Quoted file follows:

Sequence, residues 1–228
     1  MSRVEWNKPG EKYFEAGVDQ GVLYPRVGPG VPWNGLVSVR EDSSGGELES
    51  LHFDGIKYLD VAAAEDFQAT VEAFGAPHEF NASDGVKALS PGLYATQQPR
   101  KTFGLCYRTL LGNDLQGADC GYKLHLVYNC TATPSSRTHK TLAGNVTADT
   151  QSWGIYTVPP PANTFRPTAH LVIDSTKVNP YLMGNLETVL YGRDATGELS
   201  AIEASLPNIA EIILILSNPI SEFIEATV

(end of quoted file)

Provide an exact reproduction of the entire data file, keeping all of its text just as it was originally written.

Sequence, residues 1–228
     1  MSRVEWNKPG EKYFEAGVDQ GVLYPRVGPG VPWNGLVSVR EDSSGGELES
    51  LHFDGIKYLD VAAAEDFQAT VEAFGAPHEF NASDGVKALS PGLYATQQPR
   101  KTFGLCYRTL LGNDLQGADC GYKLHLVYNC TATPSSRTHK TLAGNVTADT
   151  QSWGIYTVPP PANTFRPTAH LVIDSTKVNP YLMGNLETVL YGRDATGELS
   201  AIEASLPNIA EIILILSNPI SEFIEATV